Hackenberg, Thomas3; Juul, Trine4; Auzina, Aija3; Gwizdz, Sonia4; Malolepszy, Anna3; Van Der Kelen, Katrien5; Dam, Svend4; Bressendorff, Simon9; Lorentzen, Andrea Maria7; Roepstorff, Peter7; Nielsen, Kare Lehmann10; Jorgensen, Jan-Elo4; Hofius, Daniel11; Van Breusegem, Frank5; Petersen, Morten12; Andersen, Stig Uggerhoj4
1 Functional Genomics, Department of Biology, Faculty of Science, Københavns Universitet2 Department of Biology, Faculty of Science, Københavns Universitet3 Molekylærbiologisk Institut4 Aarhus University5 Ghent University6 Computational and RNA Biology, Department of Biology, Faculty of Science, Københavns Universitet7 Institut for Biokemi og Molekylær Biologi8 Aalborg University9 Computational and RNA Biology, Department of Biology, Faculty of Science, Københavns Universitet10 Aalborg University11 Department of Biology, Faculty of Science, Københavns Universitet12 Functional Genomics, Department of Biology, Faculty of Science, Københavns Universitet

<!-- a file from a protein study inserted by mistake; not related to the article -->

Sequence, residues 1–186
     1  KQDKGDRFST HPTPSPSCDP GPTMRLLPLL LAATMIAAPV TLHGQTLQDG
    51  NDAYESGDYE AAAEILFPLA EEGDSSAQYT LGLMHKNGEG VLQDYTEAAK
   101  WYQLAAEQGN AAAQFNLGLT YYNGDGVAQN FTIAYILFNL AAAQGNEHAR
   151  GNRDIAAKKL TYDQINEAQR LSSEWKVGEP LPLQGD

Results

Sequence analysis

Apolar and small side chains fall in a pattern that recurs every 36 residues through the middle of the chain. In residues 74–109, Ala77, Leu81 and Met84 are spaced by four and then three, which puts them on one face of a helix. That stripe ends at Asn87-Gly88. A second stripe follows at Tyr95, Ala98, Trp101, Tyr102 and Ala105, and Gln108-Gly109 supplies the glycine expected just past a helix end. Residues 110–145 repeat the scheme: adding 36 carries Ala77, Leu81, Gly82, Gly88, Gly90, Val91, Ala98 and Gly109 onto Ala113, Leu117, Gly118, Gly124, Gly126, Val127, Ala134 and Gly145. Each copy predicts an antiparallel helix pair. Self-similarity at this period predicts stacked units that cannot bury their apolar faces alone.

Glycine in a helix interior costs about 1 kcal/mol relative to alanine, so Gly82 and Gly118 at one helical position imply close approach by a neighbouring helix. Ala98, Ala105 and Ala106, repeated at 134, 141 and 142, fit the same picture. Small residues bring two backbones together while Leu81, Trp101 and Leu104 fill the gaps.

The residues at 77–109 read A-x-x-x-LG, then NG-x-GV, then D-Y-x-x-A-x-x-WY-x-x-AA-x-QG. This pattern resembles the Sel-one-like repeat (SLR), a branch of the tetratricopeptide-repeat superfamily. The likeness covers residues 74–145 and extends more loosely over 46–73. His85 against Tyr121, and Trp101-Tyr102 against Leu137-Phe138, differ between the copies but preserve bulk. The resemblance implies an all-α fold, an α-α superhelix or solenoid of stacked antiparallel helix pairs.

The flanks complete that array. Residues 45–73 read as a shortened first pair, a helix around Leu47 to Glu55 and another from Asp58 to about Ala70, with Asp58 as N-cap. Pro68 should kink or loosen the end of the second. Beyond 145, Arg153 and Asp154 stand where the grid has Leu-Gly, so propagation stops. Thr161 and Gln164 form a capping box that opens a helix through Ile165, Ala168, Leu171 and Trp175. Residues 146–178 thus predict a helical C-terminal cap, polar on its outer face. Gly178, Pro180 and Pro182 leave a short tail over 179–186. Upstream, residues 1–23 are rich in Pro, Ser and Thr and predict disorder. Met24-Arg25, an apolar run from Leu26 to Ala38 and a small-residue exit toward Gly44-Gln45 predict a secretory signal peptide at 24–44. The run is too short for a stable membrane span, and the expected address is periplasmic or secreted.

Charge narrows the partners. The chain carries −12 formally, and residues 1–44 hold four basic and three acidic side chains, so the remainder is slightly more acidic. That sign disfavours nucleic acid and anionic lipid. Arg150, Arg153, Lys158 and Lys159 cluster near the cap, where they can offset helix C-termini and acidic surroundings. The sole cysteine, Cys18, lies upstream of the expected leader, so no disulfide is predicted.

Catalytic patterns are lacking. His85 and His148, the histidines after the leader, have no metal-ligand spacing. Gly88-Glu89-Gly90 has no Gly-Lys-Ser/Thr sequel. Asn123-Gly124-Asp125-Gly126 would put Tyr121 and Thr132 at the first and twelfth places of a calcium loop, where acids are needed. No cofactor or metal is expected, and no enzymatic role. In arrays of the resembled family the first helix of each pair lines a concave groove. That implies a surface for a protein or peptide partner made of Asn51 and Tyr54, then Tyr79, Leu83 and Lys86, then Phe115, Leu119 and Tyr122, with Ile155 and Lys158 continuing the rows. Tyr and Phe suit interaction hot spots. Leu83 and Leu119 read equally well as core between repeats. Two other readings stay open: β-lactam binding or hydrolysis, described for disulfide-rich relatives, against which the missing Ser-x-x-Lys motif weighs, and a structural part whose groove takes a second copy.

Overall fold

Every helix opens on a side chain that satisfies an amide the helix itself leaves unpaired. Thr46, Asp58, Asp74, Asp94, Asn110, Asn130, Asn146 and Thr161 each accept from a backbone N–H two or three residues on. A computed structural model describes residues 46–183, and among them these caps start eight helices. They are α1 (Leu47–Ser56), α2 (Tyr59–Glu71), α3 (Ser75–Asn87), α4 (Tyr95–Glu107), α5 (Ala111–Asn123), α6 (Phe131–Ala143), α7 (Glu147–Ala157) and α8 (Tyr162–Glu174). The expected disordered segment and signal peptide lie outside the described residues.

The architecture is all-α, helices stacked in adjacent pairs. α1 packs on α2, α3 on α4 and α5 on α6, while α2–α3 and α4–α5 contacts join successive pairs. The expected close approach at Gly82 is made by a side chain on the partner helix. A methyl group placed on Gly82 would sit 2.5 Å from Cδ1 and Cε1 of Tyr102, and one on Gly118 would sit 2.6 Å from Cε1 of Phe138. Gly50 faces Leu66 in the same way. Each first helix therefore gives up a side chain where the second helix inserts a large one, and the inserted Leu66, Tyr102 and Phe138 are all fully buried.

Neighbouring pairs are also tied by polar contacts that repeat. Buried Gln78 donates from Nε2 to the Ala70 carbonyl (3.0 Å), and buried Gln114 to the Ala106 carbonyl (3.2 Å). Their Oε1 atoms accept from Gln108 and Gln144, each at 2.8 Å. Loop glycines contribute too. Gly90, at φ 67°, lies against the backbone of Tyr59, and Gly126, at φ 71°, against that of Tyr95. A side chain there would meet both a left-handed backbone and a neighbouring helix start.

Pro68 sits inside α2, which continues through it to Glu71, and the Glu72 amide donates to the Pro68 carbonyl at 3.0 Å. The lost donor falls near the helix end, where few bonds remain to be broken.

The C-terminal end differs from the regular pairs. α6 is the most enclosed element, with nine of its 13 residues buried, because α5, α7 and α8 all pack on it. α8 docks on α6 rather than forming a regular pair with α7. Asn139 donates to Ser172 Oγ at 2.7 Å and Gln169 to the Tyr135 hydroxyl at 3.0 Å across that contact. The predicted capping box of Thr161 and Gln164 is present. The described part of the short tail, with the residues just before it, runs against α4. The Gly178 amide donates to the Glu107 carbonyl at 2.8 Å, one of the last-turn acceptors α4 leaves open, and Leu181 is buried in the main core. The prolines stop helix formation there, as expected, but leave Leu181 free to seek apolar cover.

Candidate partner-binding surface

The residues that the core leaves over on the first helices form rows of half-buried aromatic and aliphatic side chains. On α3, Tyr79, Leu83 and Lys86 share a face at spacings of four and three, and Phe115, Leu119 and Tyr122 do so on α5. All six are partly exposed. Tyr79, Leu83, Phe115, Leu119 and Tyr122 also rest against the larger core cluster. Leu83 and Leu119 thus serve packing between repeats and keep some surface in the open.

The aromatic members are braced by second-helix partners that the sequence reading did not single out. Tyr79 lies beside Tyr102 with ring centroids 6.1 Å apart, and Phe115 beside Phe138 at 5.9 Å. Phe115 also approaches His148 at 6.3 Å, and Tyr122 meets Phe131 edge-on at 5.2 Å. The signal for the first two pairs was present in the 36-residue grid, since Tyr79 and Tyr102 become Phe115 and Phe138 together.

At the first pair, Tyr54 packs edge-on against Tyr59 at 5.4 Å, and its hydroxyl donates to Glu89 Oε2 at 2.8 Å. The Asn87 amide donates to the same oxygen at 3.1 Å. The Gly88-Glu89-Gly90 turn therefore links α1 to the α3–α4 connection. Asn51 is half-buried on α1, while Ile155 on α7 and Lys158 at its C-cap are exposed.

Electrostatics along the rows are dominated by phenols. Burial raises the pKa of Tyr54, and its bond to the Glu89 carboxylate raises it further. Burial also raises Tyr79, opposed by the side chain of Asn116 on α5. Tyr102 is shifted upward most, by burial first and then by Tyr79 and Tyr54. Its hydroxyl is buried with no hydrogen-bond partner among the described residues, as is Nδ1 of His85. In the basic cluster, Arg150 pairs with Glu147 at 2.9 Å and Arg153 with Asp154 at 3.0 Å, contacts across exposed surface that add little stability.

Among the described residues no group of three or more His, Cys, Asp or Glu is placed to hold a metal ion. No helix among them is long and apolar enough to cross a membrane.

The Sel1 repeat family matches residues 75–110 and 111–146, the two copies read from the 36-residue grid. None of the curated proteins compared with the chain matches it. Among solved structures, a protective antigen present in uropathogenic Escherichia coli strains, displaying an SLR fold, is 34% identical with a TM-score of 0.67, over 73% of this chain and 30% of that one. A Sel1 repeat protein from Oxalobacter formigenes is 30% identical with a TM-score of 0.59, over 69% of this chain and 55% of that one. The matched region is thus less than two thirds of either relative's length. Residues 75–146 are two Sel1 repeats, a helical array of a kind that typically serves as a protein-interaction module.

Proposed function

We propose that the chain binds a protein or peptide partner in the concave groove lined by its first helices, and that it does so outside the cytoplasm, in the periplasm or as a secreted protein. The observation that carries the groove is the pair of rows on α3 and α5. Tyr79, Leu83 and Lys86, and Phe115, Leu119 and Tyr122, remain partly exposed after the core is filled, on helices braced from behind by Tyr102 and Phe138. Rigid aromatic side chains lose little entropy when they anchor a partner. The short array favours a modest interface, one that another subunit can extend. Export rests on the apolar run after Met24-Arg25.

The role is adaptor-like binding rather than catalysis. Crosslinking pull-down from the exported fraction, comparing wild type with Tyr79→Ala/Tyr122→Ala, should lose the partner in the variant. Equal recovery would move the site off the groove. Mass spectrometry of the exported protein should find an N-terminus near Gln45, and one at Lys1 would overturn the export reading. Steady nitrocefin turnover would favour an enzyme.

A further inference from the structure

Programmed cell death often depends on generation of reactive oxygen species, which can be detoxified by antioxidative enzymes, including catalases. We previously isolated catalase-deficient mutants (cat2) in a screen for resistance to hydroxyurea-induced cell death. Here, we identify an Arabidopsis thaliana hydroxyurea-resistant autophagy mutant, atg2, which also shows reduced sensitivity to cell death triggered by the bacterial effector avrRpm1. To test if catalase deficiency likewise affected both hydroxyurea and avrRpm1 sensitivity, we selected mutants with extremely low catalase activities and showed that they carried mutations in a gene that we named NO CATALASE ACTIVITY1 (NCA1). nca1 mutants showed severely reduced activities of all three catalase isoforms in Arabidopsis, and loss of NCA1 function led to strong suppression of RPM1-triggered cell death. Basal and starvation-induced autophagy appeared normal in the nca1 and cat2 mutants. By contrast, autophagic degradation induced by avrRpm1 challenge was compromised, indicating that catalase acted upstream of immunity-triggered autophagy. The direct interaction of catalase with reactive oxygen species could allow catalase to act as a molecular link between reactive oxygen species and the promotion of autophagy-dependent cell death.